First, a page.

For the very last leg of our big European trip this summer, we went to Spain. When I’d originally envisioned this trip, many years ago, I’d thought of myself starting in Portugal and Spain and carefully tracing the Peninsular War path of Wellington’s army before finally ending up at Waterloo just in time for the bicentennial. But this trip couldn’t be ALL about me, and saving Waterloo for last wasn’t an option given my daughter’s school schedule–Seattle Public Schools don’t start till after Labor Day and run fairly deep into June, so as-is she had to miss the last two days.
So the only other of Wellington’s battlefields we made it to was Salamanca, which we chose because we were told it was the best-preserved of the lot (and also because the city of Salamanca itself is well worth visiting). We hired a guide to give us a private tour of the battlefield, almost a necessity because “best-preserved” in this case means “still open farmland and fields.” Unlike any other battlefield I’ve visited (Waterloo, Culloden, Gettysburg), you could easily drive by it without ever knowing two armies had clashed there. Incidentally, I’m not sure the guide EVER fully adjusted to the fact that I rather than my husband was the Wellington geek and military history buff of the family–he kept turning to him to point out some feature or landmark, only to have Mr. Fraser direct him back to me.
(I apologize in advance for the somewhat blurry quality of some of these pictures–this part of the trip was after I shattered the screen of my iPhone and was left taking pictures with my iPad, which being larger was much tougher to hold steady.)
Salamanca is unusual among Wellington’s Peninsular battles in that he took the offense instead of occupying a position and defending it, as at Waterloo. This had more to do with the circumstances than his personality or abilities, IMHO–he recognized that since the French were the invaders and the British were supporting the invaded Portuguese and Spanish, his objective wasn’t so much total victory as forcing the French to keep pouring resources into the Peninsula. Also, he was leading the only army of any size Britain had available, so he was careful to avoid the risks a commander with a larger population base and the power to conscript from it (like, oh, say, Napoleon) might run.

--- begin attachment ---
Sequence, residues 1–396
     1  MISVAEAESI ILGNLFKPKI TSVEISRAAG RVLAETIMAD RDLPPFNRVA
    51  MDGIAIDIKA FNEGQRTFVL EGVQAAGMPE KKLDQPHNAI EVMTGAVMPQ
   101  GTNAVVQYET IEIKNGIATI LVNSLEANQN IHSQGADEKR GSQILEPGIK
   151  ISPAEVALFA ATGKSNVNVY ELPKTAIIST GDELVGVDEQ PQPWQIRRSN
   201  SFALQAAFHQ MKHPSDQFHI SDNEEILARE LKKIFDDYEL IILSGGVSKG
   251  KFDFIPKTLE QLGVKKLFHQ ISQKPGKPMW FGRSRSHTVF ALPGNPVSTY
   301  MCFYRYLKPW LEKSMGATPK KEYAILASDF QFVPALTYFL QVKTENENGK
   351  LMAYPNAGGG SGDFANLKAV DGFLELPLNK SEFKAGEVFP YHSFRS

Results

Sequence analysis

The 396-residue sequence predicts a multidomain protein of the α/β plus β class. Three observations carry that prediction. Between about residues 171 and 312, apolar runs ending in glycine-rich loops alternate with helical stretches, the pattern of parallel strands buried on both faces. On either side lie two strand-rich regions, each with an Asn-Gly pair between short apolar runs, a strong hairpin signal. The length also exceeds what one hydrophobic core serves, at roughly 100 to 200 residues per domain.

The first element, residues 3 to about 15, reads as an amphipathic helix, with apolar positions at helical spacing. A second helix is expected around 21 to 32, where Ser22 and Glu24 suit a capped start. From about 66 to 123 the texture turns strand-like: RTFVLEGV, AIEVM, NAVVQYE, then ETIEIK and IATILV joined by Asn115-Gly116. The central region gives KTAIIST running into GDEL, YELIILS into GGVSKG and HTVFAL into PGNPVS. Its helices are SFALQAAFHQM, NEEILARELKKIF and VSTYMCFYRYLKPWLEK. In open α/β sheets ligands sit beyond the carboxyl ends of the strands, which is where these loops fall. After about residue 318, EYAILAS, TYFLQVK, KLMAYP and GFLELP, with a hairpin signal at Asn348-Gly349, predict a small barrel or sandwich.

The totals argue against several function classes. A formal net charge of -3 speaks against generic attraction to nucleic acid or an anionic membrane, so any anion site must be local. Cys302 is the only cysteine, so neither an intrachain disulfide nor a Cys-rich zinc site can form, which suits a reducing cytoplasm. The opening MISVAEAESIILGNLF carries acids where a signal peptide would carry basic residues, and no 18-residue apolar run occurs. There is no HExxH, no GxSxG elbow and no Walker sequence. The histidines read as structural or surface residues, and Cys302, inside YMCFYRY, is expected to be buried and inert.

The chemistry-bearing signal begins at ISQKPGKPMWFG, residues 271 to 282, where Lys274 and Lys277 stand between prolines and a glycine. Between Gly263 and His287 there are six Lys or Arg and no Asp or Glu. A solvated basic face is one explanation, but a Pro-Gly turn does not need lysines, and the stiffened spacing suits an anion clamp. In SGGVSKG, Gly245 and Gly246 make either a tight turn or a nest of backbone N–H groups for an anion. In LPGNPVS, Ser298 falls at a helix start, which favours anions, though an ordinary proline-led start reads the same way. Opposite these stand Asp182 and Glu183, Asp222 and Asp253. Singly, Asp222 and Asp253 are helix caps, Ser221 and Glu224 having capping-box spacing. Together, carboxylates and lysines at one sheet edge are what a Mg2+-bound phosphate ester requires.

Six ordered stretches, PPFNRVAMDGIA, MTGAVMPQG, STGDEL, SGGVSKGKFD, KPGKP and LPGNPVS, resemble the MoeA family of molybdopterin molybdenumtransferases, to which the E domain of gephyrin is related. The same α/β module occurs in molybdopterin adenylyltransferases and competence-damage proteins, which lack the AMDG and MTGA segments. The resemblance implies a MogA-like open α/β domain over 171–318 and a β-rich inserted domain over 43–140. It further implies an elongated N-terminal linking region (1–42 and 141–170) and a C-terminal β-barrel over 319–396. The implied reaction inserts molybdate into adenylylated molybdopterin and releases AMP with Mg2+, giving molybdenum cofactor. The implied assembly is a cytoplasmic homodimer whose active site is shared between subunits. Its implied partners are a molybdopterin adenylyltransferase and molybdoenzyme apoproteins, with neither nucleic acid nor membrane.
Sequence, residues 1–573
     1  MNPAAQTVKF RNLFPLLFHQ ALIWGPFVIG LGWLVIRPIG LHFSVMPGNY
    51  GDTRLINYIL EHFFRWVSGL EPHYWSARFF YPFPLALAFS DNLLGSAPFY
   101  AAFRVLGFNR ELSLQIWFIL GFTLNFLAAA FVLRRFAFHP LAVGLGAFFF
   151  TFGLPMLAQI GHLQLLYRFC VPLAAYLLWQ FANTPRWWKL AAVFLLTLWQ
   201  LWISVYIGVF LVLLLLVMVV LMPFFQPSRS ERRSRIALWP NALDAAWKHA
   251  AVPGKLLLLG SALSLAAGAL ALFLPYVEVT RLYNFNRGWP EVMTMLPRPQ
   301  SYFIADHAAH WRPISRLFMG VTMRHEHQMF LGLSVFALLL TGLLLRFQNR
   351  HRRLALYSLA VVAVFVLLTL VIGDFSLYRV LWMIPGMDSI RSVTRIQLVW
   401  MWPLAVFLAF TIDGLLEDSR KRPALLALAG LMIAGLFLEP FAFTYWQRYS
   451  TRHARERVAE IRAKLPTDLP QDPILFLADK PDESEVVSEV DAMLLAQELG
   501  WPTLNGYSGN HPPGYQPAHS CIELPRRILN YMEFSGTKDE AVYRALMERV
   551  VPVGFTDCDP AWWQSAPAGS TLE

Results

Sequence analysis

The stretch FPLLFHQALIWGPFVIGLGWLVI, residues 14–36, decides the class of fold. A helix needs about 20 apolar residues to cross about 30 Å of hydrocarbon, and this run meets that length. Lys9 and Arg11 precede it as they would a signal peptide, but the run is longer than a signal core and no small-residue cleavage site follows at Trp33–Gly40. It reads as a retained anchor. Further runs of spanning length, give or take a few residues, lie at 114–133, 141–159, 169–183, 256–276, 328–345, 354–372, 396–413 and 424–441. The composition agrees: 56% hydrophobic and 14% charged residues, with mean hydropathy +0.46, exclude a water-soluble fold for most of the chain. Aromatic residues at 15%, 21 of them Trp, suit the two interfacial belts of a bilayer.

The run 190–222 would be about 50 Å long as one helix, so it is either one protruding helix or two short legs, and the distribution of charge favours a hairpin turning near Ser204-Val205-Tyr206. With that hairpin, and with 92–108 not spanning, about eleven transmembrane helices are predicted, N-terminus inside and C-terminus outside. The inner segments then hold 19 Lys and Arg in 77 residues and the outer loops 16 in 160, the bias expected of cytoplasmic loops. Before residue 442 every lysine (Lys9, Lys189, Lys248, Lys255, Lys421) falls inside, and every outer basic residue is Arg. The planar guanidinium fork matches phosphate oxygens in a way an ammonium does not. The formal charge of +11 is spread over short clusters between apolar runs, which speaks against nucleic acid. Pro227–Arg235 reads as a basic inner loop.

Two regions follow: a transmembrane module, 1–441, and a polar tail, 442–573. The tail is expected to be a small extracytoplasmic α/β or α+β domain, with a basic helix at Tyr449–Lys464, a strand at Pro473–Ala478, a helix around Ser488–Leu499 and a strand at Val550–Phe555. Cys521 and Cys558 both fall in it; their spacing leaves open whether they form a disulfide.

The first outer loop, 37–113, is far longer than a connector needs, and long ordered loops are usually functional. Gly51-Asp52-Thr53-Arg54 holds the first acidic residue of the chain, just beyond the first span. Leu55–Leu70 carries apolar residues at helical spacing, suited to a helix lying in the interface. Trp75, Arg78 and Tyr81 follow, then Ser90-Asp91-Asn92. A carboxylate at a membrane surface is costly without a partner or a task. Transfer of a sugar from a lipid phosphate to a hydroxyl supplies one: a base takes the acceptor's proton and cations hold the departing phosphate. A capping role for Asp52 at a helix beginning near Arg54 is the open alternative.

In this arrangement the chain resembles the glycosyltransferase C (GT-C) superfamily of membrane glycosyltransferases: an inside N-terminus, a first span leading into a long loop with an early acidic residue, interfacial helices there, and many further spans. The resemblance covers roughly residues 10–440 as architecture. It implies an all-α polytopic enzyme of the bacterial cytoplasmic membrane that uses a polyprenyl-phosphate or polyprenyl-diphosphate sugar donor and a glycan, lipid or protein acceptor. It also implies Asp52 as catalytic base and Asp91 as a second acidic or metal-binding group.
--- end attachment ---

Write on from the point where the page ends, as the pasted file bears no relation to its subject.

In fact, the Battle of Salamanca began as a British retreat. The British had occupied the town, but were blocked to the north by French Marshal Marmont, who kept getting reinforcements and started to threaten Wellington’s supply lines. He decided to return to Portugal, so his army marched out, shadowed by Marmont’s men marching in parallel. But when he saw that Marmont had overextended his lines, leaving his army vulnerable, he pounced.
In the picture above, the initial British position (the Lesser Arapile) is the hill to the left, while the French occupied the Greater Arapile to the right. Cavalry played a more important role in this battle than in most Peninsular conflicts, and looking at all that wide, grassy country you can see why.
Here we’re standing atop the Greater Arapile, Marmont’s position, looking toward the Lesser Arapile where the British artillery was posted:
And here we’re at the base of the Lesser Arapile, looking up toward the French position:
Somehow the fact that the ground is still so open and empty, not clustered with monuments and interpretive information, made it all the easier to imagine scenes like this:
Not only was our visit to Salamanca fascinating, we loved Spain. The week we spent in Madrid and Salamanca was our favorite part of the whole trip. Possibly because we were there in the heat of July, everything was less crowded than in London, Brussels, Paris, or Southwest France. We were able to walk straight into great museums like the Prado and the Reina Sofia without having to wait in line. Everyone was friendly and helpful–though I kept getting in trouble by speaking Spanish just well enough that people expected me to understand it well, too! And the food was amazing.
Churros con chocolate for breakfast:
For dinner we’d go down to the Plaza Mayor, pick one of the outdoor cafes, and have a nice leisurely dinner listening to strolling musicians and watching the world go by. Around 9:30 or 10:00, it got dark enough that the lights came on to cheers from the crowd:
All around that plaza and Salamanca, there are reliefs of various royal and otherwise important figures from Spanish history. There’s just one Englishman–and possibly just one foreigner–Wellington.
If you ever get a chance to go to Spain, jump at it, and make sure you go to Salamanca!